In the dzBB interview, Bantag claimed that no taxpayer money was used to dig up land for the deep-diving pool.

He said it was funded by Agua Tierra Oro Mina Development (Atom) Corp. under a joint venture agreement with BuCor. He did not disclose the project cost.Based on the deal signed in December last year, NBP facilities were to be transferred to a 234-hectare property in Barangay Pias, General Tinio town in Nueva Ecija, which was donated by Atom to BuCor.

Atom would develop the NBP reservation into a mixed-use commercial, residential, industrial complex supposedly at no cost to the government under a 65-35 revenue sharing mechanism with the bigger share going to Atom.

‘Treasure hunt’

But Catapang revealed that BuCor’s own backhoe and excavator trucks were used for the clandestine project, which was not found in the agency’s accounting books.

The deal with Atom was also found to be “anomalous,” as the Department of Justice (DOJ) was not consulted on this, he said.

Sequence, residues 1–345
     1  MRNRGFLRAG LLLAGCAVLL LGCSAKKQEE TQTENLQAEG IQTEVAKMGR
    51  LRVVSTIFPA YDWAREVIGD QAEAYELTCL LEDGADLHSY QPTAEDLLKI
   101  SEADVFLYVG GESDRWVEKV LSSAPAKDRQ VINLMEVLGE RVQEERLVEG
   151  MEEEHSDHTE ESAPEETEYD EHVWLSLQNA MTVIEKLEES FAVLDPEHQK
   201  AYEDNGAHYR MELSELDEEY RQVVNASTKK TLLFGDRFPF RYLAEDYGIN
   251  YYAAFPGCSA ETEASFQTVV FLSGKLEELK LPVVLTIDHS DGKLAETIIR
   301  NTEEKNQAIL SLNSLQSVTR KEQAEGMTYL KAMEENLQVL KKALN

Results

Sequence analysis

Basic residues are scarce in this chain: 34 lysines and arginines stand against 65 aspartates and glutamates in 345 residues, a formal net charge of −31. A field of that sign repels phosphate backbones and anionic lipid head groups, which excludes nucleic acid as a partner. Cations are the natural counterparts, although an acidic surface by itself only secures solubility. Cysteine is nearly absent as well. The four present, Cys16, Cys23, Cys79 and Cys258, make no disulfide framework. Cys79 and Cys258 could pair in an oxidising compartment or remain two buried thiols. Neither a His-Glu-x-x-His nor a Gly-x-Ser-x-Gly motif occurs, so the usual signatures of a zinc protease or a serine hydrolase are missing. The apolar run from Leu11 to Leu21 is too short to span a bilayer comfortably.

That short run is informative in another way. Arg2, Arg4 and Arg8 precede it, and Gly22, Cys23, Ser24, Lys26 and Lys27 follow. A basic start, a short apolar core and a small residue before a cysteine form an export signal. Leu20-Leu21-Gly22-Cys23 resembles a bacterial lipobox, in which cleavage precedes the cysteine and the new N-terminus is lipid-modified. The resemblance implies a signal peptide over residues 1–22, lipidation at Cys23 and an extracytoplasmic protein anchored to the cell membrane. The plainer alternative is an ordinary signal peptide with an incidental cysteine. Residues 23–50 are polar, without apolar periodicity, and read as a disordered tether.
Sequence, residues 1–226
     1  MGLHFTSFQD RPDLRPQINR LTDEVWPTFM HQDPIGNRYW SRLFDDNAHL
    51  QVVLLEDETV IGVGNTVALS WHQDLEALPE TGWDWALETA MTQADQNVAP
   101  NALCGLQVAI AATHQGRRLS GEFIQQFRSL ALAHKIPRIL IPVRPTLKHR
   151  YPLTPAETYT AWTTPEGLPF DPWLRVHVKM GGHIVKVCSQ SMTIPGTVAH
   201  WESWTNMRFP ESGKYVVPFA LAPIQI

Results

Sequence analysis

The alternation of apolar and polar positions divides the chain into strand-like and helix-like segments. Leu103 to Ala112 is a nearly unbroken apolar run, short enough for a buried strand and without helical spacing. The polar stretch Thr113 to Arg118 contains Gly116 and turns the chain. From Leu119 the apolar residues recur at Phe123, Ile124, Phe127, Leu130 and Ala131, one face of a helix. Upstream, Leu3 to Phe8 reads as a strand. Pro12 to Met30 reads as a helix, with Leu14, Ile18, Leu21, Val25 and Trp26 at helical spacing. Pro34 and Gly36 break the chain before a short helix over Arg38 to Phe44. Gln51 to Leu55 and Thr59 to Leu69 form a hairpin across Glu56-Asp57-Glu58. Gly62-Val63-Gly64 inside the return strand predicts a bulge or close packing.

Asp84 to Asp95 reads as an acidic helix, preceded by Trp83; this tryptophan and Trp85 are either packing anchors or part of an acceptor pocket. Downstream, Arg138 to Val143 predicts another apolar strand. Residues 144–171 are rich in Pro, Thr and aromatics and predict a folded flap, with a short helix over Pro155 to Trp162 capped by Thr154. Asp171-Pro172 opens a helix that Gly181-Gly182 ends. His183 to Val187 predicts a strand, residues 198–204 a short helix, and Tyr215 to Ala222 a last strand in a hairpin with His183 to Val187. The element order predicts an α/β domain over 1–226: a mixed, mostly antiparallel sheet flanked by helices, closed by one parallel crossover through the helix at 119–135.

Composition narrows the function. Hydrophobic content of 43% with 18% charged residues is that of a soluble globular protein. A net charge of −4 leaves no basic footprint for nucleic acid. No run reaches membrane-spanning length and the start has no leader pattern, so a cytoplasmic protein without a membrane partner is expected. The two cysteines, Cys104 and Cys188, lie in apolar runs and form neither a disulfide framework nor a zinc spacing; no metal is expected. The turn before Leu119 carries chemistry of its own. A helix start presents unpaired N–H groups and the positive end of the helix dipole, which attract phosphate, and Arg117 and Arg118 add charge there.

Bantag, however, maintained that it was within his authority as BuCor head to enter into the partnership with the private firm.

According to Catapang, the excavation project, which he ordered stopped, could be “illegal quarrying,” citing reports that the previous administration was conducting a “treasure hunt” under the director’s quarters.

He also worried an unfinished tunnel for the excavation might be used as an escape route by inmates.

Meanwhile, Bantag, now a resident of Baguio City, said he has yet to receive the summons for next week’s preliminary investigation at the DOJ for the murder charges filed against him as the alleged mastermind behind the deaths of Mabasa and inmate Cristito “Jun Villamor” Palaña, an alleged middleman.

“I wanted to go to the hearing,” Bantag said but added his appearance would depend on the advice of lawyers.

State prosecutors sent the subpoena to his last known address in Caloocan City on Tuesday, ordering him to appear at the Nov. 23 and Dec. 5 hearings.

Authorities said the summons had been “deemed served” even though no one received it on Bantag’s behalf.

RELATED STORY:

BuCor officials discover ‘tunnel’ but unsure what it is for

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TAGS: Bilibid, Gerald Bantag, inspection, NBP, Percy Lapid